527th Friday Blog Roundup
So I gave up my Hay Day farm… at least, temporarily. My virtual farm replaced Candy Crush last year as my obsession-of-choice. I took it up to the 70th level, opened all the fishing slots, bought all the machines, all the animals, all the crops, and gathered over $3 million in virtual coins and 300 diamonds. By all intents and purposes, I “won” this unwinnable game.
I loved playing in the morning. I loved waking up and greeting the river boat, filling the crates with the items I made overnight. I loved gathering my crops and replanting the seeds. I loved to collect all the gifts from my townspeople and fill their new orders. All in all, waking my town up in the morning took about 20 minutes out of my day, and it was a happy 20 minutes where I felt like I was setting everything right in the world. It was like a really relaxing virtual cleaning session, with a clear end-point, and it made me feel as if I had accomplished something before I started my day.
The gaming equivalent of starting the day with a clean email inbox.
But the night was a different story. At night, I was constantly telling Josh that we couldn’t start something because I “just had to take care of my farm.” I would predict a task to take me 5 minutes, but it was more like 10. I had to clean up my farm from the day and get it ready for the next day, which could take anywhere from a half hour to… an hour. Or more. It was eating up my life. And unlike the beginning, I wasn’t really enjoying it anymore.
So I told Josh that I was putting my farm to sleep for a few days. Nothing would happen unless I opened the app (and I warned the kids not to touch it), and I didn’t plan to open the app until the weekend when I would give myself a little play time and then shut it down until the next weekend or so.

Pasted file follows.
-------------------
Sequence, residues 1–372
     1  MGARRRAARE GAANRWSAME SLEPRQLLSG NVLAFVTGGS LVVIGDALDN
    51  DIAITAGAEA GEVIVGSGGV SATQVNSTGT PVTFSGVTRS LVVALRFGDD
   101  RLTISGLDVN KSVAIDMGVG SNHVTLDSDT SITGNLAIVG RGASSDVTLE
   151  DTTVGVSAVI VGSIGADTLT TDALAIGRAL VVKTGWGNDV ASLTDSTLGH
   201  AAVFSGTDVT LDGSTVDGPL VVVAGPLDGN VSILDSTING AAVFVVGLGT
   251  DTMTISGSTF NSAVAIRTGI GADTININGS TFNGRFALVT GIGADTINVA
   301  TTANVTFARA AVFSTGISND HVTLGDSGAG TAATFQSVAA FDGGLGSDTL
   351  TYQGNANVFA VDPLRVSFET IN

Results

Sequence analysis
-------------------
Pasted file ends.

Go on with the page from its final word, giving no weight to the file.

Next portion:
It has given me a lot of time this week.
I guess I’ve been looking at my time wasters — what am I doing that doesn’t really add to my life but I do it anyway out of habit or some thought that I “should” do it, etc. Hay Day had gone from a game into a slog. So it was out.
I’ve kept yoga, morning coffee, reading, and blogging. I’ve cut out Hay Day, a bunch of non-personal blogs I was reading because I felt I “should,” and snacking after dinner.
Everything feels a little neater in the moment.
What are your time wasters? Why haven’t you dropped them?
Stop procrastinating. Go make your backups. Don’t have regrets.
Seriously. Stop what you’re doing for a moment. It will take you fifteen minutes, tops. But you will have peace of mind for days and days. It’s the gift to yourself that keeps on giving.
As always, add any new thoughts to the Friday Backup post and peruse new comments in order to find out about methods, plug-ins, and devices that help you quickly back up your data and accounts.
And now the blogs…
But first, second helpings of the posts that appeared in the open comment thread last week. In order to read the description before clicking over, please return to the open thread:
- “Thoughts on Donor Cycles” (Amateur Nester)
Okay, now my choices this week.
Mojo Working is back with a brief post about acknowledging loss after everything changes. It’s powerful in its simplicity. I can’t say much more than that without ruining the effect of the words, so I’m going ask you to click over and let them speak for themselves.
Two Adults, One Child has a post about blogging which I think is particularly relevant to our community where burnout is common because of the high emotional content of our blogs (both writing and reading). I like her approach on how to make blogging something that adds to her life instead of detract. She can sum it up with one perfect sentence: “to use this space as it was originally intended — as an outlet for me to express my thoughts and feelings.” But you’ll need to read the whole post to get the greater context.
Lastly, No Kidding in NZ has a post that I wish were pinnable to the front of Google. And perhaps you can help me to push it up the Google ranks by clicking over to read and spread it around yourself so Google gets the message that we want people to be able to find it. She goes through the emotions she experienced when she resolved her infertility by living child-free after treatments. This piece is so powerful for someone who is in the throes of it; to see that things could get better even if the light at the end of the tunnel isn’t visible. Her honesty about the length of time she went through the emotions is helpful as well. Not everyone will experience the same feelings, but if they are feeling these things, this post will help them feel less alone.
The roundup to the Roundup: What are your time wasters? Your weekly backup nudge. And lots of great posts to read. So what did you find this week? Please use a permalink to the blog post (written between December 26th and January 9th) and not the blog’s main url. Not understanding why I’m asking you what you found this week? Read the original open thread post here.